For the first time ever I've missed Christmas Eve with my family. I've missed the staple of our holiday season.
Alas, it was all my fault. With this abnormal amount of holiday I now have, it was too late before I discovered there weren't enough days to travel back.
Sorry family, I'll do better next year.
Unlike me, everyone goes back home during the holiday season. My flatmate and friends I usually hangout with are no exception, leaving me "home alone" for the past two-ish weeks with more to come.
While I've been keeping myself busy hanging out with the Brits that are still here, photographing London, etc., loads of time is/was still unaccounted for.
Good thing I planned ahead, or I would've been so, so bored. Now, what could I do that helps people and has a social aspect? Being alone for all that time is no good, even as an introvert.
Crisis at Christmas to the rescue. What do they do you ask?
[They] provide companionship and support to tackle loneliness and isolation, and help people take their first steps out of homelessness.
During my volunteer days I met many different people, guests and volunteers alike. All of whom were amazing.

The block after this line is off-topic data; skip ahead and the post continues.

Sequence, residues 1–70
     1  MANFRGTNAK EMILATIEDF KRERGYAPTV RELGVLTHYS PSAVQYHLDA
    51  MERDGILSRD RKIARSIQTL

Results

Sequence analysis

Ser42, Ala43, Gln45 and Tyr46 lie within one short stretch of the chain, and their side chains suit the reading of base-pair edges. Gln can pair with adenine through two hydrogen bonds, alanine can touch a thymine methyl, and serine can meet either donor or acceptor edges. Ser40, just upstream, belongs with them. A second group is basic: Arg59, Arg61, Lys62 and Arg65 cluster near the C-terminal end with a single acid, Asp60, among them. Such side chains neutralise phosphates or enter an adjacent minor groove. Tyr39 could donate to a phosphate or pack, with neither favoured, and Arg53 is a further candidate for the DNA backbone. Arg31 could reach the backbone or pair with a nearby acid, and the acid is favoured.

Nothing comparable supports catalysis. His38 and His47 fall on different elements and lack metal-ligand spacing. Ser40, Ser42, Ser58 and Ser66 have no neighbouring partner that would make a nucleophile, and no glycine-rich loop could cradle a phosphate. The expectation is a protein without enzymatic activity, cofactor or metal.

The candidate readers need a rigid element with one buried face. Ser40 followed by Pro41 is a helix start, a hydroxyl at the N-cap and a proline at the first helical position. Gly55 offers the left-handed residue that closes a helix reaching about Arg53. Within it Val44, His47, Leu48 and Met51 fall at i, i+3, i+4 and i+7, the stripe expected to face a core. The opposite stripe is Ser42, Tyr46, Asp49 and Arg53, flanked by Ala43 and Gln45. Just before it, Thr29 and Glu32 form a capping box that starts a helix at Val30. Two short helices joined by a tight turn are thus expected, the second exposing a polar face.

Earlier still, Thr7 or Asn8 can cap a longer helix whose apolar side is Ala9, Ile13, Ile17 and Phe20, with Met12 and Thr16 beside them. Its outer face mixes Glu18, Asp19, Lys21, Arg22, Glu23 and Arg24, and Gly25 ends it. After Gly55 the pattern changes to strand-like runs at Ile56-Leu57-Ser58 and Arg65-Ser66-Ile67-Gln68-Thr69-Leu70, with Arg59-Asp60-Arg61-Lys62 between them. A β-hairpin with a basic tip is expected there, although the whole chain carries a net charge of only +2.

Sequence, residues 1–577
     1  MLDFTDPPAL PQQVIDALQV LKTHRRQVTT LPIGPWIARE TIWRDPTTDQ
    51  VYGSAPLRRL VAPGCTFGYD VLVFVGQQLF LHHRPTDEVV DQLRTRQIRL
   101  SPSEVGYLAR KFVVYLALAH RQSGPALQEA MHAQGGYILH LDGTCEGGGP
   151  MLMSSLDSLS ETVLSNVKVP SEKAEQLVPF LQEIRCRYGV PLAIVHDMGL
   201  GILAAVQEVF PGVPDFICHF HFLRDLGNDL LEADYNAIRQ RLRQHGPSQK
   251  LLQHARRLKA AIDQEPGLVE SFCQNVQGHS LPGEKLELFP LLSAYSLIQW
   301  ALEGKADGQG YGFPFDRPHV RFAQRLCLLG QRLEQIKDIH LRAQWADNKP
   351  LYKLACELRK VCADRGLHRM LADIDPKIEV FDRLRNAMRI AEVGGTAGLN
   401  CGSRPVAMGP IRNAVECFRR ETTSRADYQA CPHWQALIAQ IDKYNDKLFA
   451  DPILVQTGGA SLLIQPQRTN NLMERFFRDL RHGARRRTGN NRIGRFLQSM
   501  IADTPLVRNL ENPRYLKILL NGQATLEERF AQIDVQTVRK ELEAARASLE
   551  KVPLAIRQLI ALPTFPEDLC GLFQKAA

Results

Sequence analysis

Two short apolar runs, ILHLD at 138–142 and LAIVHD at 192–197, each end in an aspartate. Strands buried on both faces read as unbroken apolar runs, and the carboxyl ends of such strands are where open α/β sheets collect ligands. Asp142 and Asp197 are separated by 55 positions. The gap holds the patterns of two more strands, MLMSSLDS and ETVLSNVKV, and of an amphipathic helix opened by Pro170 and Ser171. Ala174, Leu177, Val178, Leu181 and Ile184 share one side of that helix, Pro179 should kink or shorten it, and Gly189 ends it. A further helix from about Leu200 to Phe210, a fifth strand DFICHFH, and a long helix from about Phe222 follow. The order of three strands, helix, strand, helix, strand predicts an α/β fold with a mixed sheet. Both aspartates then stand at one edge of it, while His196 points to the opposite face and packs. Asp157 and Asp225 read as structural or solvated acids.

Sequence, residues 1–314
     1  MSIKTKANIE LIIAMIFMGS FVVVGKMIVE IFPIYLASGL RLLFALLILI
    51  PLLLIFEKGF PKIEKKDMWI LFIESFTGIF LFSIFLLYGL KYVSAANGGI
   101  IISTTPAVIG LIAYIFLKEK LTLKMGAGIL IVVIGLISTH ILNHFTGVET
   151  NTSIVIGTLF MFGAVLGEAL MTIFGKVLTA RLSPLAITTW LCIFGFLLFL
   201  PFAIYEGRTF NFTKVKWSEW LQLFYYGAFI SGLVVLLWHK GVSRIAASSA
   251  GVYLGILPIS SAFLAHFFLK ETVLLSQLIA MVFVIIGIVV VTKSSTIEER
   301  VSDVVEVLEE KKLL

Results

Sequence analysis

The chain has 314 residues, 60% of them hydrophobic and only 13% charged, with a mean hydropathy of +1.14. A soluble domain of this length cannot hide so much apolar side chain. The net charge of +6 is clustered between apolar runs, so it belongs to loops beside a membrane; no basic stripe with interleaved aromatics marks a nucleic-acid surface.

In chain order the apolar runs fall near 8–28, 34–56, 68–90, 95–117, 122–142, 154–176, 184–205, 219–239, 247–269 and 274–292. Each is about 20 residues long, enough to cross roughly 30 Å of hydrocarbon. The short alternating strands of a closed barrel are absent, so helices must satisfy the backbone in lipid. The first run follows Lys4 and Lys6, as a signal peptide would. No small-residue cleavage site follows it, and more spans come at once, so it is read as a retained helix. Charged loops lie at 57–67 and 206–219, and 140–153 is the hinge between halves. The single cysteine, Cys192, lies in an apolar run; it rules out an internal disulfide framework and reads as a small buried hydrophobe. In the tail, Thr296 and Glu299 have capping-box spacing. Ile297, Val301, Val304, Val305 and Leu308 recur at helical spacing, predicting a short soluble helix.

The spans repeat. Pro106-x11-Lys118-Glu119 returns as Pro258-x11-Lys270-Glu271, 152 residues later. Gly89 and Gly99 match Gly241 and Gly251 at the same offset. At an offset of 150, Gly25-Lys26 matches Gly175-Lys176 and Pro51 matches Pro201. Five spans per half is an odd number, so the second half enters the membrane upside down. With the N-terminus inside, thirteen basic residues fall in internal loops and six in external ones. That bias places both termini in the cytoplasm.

I'm sure most of us have preconceptions about the homeless. Most would think they are the people on the street who are obnoxiously begging for change outside the train station. They are lazy and grumpy. They brought this upon themselves.
While this may be true for some, it's completely wrong for the majority. These people have fallen on hard times and after chatting with them for a while it's clear. They are normal people, like you and me, trying to make the most of their lives.
I won't ever forget what a guy said to me on my first day. He walked up with a huge smile on his face. He was so happy, which left me wondering. Then, while shaking my hand, he said, "Thank God, I have a place to sleep tonight. I have a place to sleep tonight. Thank you."
I could only muster "amazing" and "I'm so happy for you." I was in awe.
At that moment, I was, again, reminded I am very well off. I think a lot of us seem to forget this from time to time.
I'm not rich by any means, but I had a good upbringing, parents who loved me, went to a great school, have an amazing job, a place to live, and worry about very little. In the grand scheme of things my "first world problems" hold very little weight.
While most of the time is spent with the guests, a small amount of downtime is spent with other volunteers. You end up meeting loads of people. I, for example, met a Dutch Harry Potter (not so sure on the Dutch part after looking on Facebook), a French girl who beat me at I Spy (it was her first time), a British primary school teacher who volunteered while she was back for the holidays from Spain, and many more.
Oh, and you get to make a fool of yourself in front of famous people.
Crisis at Christmas was a great experience and hopefully there will be more to come. All that's left to do now is have a few more adventures before everyone gets back.
Until next time...